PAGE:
As Andrew said, he has not needed to think about it, it is simply cold hard data provided by Google Analytics (pretty sure they know what they are talking about).

    When I worked in sales as well as a technician I became familiar with the resolutions of a large range of monitors and laptops. While not based on ‘data’, my experience makes me scratch my head again while reading your comment.

    Did you read my earlier comment? If so, did you have a look at W3Schools browser and OS statistics I linked to?

    Let me summarise something for you regarding the month of May just passed…
    Resolutions: 10.7% 1280×800, 8.1% 1440×900, 6.5% 1680×1050.

    These stats, for one month of one year alone, make your comments completely false. 9% of their visitors were on Mac but 10.7% of all their visitors used the supposed “Mac only” resolution of 1280×800? And remember, that is one resolution not all 3 combined.

  8. Thank you, Andrew, for this information. I have been in a 12 hour discussion with my web site designer/programmer who insists I have 1280 x 800 when I want 1680 x 1050.

    The rate of change to high retina displays is moving very fast. I want to show off my stunning, high tech, holiday apartments in the best way – and this is with images which take up as much real estate as possible.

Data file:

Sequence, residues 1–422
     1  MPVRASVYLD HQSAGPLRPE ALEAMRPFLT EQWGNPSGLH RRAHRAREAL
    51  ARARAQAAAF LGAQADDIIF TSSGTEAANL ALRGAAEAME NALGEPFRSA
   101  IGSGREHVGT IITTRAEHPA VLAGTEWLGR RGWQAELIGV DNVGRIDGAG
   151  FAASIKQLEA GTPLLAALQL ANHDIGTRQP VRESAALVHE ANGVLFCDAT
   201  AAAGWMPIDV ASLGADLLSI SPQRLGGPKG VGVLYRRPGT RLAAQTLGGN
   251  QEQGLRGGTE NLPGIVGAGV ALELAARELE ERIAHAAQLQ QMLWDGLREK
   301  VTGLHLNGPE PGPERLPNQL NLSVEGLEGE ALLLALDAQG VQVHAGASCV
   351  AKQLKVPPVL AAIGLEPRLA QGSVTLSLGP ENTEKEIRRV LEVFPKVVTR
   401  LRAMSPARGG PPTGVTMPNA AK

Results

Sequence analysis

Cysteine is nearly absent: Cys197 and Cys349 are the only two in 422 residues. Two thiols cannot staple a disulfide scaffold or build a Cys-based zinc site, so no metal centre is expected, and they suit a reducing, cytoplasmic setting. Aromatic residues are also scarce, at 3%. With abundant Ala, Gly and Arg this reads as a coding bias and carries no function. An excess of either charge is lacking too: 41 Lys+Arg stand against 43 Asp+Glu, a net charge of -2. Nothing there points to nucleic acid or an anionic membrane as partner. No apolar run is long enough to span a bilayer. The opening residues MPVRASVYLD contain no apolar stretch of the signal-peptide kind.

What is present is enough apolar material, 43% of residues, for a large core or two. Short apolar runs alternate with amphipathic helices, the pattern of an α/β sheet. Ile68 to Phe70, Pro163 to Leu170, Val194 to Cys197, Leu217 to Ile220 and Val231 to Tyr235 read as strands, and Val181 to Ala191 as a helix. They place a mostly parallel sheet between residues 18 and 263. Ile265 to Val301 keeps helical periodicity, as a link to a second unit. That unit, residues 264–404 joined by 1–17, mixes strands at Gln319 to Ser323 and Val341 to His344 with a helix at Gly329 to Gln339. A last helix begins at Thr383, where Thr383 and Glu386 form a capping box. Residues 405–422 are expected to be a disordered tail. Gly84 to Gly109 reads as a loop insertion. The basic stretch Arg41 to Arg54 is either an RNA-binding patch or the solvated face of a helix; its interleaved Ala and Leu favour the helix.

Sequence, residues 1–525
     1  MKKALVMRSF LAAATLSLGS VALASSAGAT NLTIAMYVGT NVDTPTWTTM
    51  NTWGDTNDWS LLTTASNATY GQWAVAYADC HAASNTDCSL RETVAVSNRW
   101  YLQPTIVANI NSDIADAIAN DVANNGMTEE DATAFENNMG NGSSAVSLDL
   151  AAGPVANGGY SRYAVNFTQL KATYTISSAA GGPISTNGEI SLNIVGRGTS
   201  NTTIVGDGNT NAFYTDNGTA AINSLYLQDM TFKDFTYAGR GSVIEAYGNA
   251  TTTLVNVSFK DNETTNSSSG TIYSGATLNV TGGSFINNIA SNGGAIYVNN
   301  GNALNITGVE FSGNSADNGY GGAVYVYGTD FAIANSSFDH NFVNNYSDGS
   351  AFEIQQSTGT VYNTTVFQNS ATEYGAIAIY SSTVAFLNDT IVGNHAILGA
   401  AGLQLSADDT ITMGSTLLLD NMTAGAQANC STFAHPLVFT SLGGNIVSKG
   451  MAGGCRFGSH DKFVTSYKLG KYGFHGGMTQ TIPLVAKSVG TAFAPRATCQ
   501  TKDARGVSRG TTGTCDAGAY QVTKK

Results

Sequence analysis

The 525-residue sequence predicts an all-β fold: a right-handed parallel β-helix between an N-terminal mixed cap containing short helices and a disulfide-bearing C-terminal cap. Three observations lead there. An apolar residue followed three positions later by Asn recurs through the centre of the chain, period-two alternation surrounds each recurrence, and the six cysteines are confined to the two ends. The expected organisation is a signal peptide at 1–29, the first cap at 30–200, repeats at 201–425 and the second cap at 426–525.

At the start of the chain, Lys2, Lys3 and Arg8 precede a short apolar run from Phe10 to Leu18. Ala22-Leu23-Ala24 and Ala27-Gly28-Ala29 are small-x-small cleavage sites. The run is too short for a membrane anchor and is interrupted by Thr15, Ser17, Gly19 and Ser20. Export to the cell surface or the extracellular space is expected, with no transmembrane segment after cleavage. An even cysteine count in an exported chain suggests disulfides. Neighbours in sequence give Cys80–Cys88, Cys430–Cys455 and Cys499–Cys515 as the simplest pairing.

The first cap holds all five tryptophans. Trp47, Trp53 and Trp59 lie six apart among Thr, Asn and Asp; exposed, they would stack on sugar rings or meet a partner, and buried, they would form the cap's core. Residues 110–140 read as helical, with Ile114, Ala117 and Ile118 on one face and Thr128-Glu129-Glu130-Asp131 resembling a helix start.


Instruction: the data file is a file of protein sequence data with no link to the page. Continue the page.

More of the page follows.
As Ewan commented it is about one’s demographics – our target market. I am targeting tech savvy people who want to experience high tech items whilst they are on holiday.

    Regardless of whether one is an Apple fan or not, the facts show it does not matter, anyway, when it comes to screen resolution.

    Thanks for writing something which is not the same old stuff everywhere on the internet. I have spent hours looking for factual data and you have it!

  9. Glad to be of help, Judith.

    I’ll be publishing an update to this post at some point to see how things have changed.

    I suspect your preferred 1680×1050 resolution will only have grown in popularity.

  10. Hi Andrew,

    Thanks for sharing your insights and visitor stats to help make this design decision. I agree that you can do a lot with the extra pixels.

    I am currently designing a B2B cloud solution, so in theory I could dictate a minimum or recommended screen resolution, but that may not always be suitable for companies running an SOE.

  11. Hi Andrew,

    As you’ve mentioned, it’s tough to dictate what people should use… Better to design for what people are using.